When all your friends are drinking buddies

When I finally decided I need to cut down on my painful drinking habits at university, my social circle was slightly less than helpful. Whilst others could pull off a healthy dose of boozing in their lifestyle, it was increasingly apparent that I couldn’t. The hostility I experienced from them was about equivalent to if I told them I was robbing the homeless or shooting heroine or banging their girlfriends or something. It was a pretty shitty experience, but a pretty insightful one too.

Because I was so fucking socially retarded, getting drunk was an incredibly handy tool… That I had steadily begun to utterly depend upon. It was a massive crutch for me. And when I stopped using this crutch… It was hard to walk without it. I basically had no social life… And very, very few friends. I had gotten so dependent that at parties I had to relearn how to actually socialise, as I couldn’t just immediately start a drinking game. I found myself at parties feeling like I was looking at people through a window… Not a clue how to engage with them sober and feeling like everyone else knew it too… And was judging me.

It took me a long time to figure out why my “friends” were being such dicks to me about this, even going so far as trying to force me to drink and pouring beer over me when I refused. My final conclusion was that my value to the group was in the energy and entertainment I brought whilst drunk. I was so non-judgemental and so open to doing anything that it made them feel at ease too… And I was funny as fuck whilst drunk too. But if I took away the alcohol, their concern was that I’d take away the fun… And that they’d feel judged for not cutting down on their own destructive relationship with alcohol. The whole point of them getting drunk was to forget about how fucked up their lives were… And if I’m not drunk with them… I become a reminder. Very regularly one of us would come back from an exam that they had very thoroughly failed to forget about it… It was a time where they didn’t want to have to think about reality. So I at least understood where they were coming from.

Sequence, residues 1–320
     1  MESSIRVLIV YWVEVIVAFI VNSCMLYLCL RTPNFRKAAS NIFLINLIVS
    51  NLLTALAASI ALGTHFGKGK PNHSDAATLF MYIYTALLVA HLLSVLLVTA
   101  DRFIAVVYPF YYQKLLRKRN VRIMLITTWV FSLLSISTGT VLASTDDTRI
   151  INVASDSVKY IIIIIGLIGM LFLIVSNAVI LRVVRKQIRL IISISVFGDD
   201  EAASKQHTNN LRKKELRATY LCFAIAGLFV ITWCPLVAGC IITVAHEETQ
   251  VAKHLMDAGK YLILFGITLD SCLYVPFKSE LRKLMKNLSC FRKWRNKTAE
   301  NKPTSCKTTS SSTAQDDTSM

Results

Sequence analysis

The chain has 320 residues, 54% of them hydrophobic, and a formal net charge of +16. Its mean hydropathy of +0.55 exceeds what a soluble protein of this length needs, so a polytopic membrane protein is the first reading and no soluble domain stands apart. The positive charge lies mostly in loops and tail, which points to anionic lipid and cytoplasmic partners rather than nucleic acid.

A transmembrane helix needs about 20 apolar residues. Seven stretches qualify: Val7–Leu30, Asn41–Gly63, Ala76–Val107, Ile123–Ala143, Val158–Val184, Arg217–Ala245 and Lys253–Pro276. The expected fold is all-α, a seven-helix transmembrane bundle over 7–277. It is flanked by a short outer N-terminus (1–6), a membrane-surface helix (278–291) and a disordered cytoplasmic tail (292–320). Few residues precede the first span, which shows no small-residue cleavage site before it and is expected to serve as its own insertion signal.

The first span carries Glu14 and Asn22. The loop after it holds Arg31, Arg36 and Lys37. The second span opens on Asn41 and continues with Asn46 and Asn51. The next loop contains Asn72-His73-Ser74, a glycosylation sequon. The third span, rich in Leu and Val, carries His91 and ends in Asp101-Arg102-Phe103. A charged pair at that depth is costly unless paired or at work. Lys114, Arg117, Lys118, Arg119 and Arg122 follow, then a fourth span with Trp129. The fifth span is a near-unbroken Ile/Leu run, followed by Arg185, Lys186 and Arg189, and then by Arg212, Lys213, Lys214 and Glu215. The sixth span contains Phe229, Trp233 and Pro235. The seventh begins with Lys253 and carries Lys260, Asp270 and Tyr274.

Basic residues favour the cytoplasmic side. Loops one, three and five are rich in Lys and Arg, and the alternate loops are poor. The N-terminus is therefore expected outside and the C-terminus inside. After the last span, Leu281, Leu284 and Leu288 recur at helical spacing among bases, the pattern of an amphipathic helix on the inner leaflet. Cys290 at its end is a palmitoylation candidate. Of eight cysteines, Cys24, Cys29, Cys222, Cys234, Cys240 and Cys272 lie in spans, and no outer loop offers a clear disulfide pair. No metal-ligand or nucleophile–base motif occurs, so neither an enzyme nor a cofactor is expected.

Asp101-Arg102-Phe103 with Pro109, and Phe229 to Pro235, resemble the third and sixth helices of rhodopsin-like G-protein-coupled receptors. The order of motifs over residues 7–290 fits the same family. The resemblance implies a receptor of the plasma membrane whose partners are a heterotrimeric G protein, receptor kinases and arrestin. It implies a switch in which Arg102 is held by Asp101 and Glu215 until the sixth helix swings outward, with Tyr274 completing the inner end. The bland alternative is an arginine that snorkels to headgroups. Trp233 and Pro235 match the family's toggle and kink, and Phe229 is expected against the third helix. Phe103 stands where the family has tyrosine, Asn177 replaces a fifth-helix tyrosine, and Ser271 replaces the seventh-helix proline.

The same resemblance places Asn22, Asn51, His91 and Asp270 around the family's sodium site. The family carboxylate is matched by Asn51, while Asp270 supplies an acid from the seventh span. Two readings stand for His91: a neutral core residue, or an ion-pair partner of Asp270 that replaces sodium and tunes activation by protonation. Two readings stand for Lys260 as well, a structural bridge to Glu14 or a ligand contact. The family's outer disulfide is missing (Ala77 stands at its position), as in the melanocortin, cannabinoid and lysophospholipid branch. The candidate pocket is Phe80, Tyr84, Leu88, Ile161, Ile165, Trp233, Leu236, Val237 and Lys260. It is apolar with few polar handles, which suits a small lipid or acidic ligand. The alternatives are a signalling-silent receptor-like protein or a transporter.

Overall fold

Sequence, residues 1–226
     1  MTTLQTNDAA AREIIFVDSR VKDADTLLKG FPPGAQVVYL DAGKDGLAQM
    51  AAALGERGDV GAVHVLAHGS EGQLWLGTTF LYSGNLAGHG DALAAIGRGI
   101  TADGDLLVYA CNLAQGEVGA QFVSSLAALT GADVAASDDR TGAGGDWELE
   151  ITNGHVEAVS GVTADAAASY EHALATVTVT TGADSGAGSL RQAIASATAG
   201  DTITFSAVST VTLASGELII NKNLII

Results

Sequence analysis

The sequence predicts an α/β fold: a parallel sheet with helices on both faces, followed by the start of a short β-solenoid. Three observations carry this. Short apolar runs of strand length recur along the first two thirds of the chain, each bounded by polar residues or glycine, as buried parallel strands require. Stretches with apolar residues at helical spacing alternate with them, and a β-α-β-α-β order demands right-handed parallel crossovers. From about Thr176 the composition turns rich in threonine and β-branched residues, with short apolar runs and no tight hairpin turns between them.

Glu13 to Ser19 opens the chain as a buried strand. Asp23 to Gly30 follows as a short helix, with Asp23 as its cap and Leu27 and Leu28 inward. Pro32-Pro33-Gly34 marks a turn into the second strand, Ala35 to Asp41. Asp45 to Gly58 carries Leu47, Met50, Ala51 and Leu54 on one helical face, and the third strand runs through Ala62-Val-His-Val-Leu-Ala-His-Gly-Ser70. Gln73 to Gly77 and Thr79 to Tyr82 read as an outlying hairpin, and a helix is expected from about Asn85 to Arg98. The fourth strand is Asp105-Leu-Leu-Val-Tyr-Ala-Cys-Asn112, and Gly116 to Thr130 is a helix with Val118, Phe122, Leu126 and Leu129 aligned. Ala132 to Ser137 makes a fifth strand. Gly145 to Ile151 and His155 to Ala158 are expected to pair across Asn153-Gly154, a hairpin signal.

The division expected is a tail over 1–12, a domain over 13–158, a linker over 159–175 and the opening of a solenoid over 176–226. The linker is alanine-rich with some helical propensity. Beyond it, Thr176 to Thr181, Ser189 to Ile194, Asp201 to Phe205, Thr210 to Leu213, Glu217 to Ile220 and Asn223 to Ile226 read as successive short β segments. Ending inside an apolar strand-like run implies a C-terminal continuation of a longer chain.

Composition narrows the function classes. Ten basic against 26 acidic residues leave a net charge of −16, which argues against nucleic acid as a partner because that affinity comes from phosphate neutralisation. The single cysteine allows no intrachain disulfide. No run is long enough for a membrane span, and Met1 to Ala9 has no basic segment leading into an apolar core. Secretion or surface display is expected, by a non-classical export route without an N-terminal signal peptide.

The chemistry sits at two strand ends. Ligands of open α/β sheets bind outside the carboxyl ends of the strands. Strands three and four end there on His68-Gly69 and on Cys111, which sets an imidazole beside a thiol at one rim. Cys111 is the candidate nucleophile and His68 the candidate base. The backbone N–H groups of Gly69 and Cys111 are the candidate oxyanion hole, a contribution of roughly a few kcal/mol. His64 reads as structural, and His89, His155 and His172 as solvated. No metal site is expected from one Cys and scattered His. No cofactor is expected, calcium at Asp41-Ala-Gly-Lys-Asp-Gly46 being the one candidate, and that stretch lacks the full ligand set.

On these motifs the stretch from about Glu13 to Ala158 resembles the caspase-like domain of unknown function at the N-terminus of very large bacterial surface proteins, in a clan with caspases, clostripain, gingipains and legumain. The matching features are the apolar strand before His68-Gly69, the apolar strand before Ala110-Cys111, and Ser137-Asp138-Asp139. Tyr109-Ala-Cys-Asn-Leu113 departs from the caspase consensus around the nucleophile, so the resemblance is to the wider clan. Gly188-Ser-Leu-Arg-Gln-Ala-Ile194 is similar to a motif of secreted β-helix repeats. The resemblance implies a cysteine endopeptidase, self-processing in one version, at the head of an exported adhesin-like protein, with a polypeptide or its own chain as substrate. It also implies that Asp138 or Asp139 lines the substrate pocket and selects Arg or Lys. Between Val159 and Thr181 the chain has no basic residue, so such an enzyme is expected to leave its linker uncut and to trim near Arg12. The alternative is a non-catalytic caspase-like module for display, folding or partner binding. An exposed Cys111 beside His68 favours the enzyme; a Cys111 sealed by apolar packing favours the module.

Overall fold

Our drinking group would occasionally actually broach the topic of how we weren’t really friends with each other, but just “drinking buddies” and laugh about it. This made me uneasy. Because without them, who the fuck are my friends? I had made little to no attempts to meet anyone in my course and I just didn’t care enough to build friendships with the housemates. So of course I just clung to the shitty relationships I had, because they were the only relationships I had. Drinking buddies are fantastic for the purpose they serve, but not so great at facilitating the purpose they didn’t serve… So I decided I’d need some new friends.

I regularly heard it mentioned that you are the average of your five closest friends, because you naturally influence each other a lot and you naturally spend time with them doing what they do. If your friends are business people, you can expect to spend more time talking about business and attending networking events. If your friends are gym-rats, you can expect to spend more time working out and eating egg-whites. I always just shrugged off this idea because it was an uncomfortable reality to confront… If your friends are extremely heavy drinkers, you can expect to spend more time funnelling cheap cask wine and throwing up in the swan river on a Friday afternoon.